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Info from WB8ELK

Bill Brown
 

Hi Paul,

WB8ELK FIRST FLIGHT

My first flight was from Findlay, Ohio on August 15, 1987 on my birthday
(August 15th is also the birthday of fellow balloonatics Chuck Crist W9IH of
WindTrax and also Joe Mayenschein WB9SBD from Wisconsin..there must be
something about that birthdate!!). It was carrying an ATV transmitter on
439.25 MHz and a 50 milliwatt 2m transmitter on 144.34 MHz. I ran out of
helium and ended up with 2 ounces of positive lift. It was a windy day and
the payload barely lifted off the ground and travelled the entire length of a
field (almost snagging on the corn several times) before finally taking to
the air. It landed 25 miles to the northwest three hours later. The batteries
had died in mid-flight and we relied on the oldest form of foxhunting....A
REWARD sign. It was found 6 weeks later by a farmer as he was harvesting his
soybeans.

KD0FW Flight at GPSL:

I basically just helped Mike Bogard KD0FW and Jackie Bogard launch their
balloon (and chased it).....Although I have a garage filled with balloon
payloads, I didn't bring one with me. I figured it wasn't a good idea to
check baggage onto the airlines containing strange electronic components and
lithium batteries. Perhaps next year, we can arrange a place to mail payloads
for those of us who are flying to the launch? I thought about flying to GPSL
on a balloon-powered lawn chair but getting those winds to cooperate is a
problem.

KD0FW Flight:

We inflated a 22-year old Kaysam balloon first (the ugly one with a clear
bulge in it). A short while after inflation it burst as I was holding
it....we were able to obtain a spare Totex TA1200 balloon (I don't remember
who gave us the spare balloon as it happened pretty fast - <hopefully they'll
let us know on the list>).
Mike Bogard KD0FW and Jackie Bogard (callsign?) of Independence, MO flew
the DF'ed payload. At launch I was holding the balloon and Mike was holding
the payload....we were standing next to Paul's balloon.
The KD0FW payload consisted of ATV on 434 MHz and a simplex repeater on
147.585 MHz. Mike has flown 3 previous flights and chased many others and
also enjoys tracking down radiosondes on 1680 MHz (+/- 10 MHz drift). He has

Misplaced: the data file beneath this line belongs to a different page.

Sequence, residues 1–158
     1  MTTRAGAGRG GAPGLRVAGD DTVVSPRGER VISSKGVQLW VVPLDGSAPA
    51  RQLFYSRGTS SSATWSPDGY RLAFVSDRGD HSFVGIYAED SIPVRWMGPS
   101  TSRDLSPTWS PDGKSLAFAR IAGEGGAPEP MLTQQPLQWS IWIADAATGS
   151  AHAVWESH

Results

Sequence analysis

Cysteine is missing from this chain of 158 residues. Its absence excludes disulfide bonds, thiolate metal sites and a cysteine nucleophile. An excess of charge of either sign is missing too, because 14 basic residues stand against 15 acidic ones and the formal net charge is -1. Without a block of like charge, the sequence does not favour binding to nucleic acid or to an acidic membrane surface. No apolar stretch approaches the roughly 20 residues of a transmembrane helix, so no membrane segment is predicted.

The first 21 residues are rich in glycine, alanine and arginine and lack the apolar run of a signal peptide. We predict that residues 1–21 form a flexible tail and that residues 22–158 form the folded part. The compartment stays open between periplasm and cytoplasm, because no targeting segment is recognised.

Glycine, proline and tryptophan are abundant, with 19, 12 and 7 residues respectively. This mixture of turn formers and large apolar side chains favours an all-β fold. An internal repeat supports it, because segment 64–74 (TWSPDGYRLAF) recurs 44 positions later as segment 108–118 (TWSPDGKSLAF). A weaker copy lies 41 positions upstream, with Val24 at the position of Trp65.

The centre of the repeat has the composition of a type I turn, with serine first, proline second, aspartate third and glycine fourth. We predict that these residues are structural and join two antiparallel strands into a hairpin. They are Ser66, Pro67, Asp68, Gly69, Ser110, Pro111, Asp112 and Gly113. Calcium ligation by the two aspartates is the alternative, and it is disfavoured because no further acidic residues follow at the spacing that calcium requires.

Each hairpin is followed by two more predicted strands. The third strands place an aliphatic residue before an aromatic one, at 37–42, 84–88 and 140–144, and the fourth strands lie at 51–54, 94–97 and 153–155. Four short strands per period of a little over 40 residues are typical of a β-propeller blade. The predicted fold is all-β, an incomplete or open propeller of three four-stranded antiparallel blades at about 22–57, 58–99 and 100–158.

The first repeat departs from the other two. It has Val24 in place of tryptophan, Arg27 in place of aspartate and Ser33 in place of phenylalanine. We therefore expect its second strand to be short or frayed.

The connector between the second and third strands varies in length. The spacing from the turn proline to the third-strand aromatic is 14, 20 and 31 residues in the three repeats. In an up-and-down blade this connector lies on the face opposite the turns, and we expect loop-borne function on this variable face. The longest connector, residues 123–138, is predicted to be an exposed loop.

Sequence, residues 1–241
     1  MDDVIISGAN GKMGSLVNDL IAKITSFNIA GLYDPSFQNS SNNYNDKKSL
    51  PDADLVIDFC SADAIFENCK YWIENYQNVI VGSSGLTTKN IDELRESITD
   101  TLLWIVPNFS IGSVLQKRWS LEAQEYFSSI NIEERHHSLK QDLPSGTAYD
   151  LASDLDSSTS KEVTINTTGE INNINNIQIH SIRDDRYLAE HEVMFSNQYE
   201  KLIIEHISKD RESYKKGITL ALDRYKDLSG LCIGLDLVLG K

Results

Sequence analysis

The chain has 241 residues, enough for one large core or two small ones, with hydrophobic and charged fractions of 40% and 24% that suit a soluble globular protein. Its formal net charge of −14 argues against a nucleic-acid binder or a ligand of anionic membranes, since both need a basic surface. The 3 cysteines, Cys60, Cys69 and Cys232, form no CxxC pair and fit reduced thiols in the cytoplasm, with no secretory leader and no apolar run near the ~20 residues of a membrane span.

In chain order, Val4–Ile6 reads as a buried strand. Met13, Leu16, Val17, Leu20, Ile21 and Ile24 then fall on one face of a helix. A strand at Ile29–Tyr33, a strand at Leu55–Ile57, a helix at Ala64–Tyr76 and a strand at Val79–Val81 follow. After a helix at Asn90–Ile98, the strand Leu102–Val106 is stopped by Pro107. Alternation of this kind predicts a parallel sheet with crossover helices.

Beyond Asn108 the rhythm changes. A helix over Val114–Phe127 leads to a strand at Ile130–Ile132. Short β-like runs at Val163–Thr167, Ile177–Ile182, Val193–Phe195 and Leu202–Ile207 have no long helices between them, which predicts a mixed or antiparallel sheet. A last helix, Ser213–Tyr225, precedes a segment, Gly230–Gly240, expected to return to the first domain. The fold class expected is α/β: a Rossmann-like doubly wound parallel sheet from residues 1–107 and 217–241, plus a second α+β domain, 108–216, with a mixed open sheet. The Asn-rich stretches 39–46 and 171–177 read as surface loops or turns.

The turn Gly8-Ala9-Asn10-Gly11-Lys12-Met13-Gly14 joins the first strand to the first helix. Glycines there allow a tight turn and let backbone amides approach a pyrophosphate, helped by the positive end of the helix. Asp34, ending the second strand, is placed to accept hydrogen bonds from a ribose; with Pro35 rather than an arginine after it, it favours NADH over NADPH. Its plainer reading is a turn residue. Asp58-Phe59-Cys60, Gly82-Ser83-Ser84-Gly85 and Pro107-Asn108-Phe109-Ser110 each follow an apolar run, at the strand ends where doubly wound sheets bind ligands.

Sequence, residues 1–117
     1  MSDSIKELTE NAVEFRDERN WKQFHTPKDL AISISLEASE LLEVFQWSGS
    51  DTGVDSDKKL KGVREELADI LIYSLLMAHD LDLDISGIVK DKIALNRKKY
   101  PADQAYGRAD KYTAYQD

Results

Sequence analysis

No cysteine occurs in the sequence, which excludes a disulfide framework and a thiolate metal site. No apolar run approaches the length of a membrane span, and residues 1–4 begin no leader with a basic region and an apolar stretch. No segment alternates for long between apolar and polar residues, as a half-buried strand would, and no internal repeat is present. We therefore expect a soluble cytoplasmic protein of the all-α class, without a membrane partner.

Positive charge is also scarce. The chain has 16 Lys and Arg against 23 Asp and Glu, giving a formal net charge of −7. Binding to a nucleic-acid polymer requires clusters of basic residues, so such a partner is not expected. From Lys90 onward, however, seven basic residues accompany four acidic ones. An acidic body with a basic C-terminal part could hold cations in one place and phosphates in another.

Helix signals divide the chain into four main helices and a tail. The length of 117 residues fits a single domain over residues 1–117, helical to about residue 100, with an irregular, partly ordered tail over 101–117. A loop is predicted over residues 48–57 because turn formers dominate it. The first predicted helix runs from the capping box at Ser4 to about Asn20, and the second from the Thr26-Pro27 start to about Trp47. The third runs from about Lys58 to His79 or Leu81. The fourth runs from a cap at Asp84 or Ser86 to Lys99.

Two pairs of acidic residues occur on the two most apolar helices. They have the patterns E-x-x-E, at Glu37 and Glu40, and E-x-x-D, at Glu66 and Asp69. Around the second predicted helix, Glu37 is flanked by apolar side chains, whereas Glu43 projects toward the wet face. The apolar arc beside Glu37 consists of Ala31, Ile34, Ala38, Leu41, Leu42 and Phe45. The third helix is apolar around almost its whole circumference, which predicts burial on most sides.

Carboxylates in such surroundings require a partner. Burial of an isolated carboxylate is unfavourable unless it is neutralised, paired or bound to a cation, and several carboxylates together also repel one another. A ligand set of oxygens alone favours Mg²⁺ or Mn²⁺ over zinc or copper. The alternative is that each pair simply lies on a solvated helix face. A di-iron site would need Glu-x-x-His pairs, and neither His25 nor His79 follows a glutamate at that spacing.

found quite a few and it's good practice for balloon chasing (the
opportunities are twice daily)...in fact it's quite a challenge since they
drift wildly in frequency during flight. I've used a small Quagi on 1680 MHz
that Mike built for me years ago and found several myself (I use an AOR3000A
for the receiver in WFM mode).
Mike's simplex repeater's power connector came apart on landing so it was
DF'ed solely on the ATV carrier. It was in the middle of a cow pasture about
3 miles southeast of where 3 of the other payloads had landed. The
landowner's relatives came out to let us onto the property and one of them
worked as a computer instructor at the local school. She was very excited
about doing a balloon flight for her school and was interested in attending
next year's GPSL. Bobette Doerrie N5IS of "Reach for Space" was going to
email her particulars about the flight (Bobette has her class in Texas build
small payloads and flies them as a school project).
We all had a great time tromping into the cow pasture and finding the
payload (although a few hungry chiggers found me in the process - ouch). I
did the final DF using my ears and following the Sonalert beeper. Mike and
Jackie got drenched (Jackie got the worst of it) as a thunderstorm decided to
hit just as we all were getting back to our cars. I very nearly got stuck in
the mud as we were driving out....chunks of mud were periodically falling off
the underside of my rental car all the way back to the airport in KC the next
day.


- Bill Brown WB8ELK

PS...I'm going to upload my photos to my website over the weekend.

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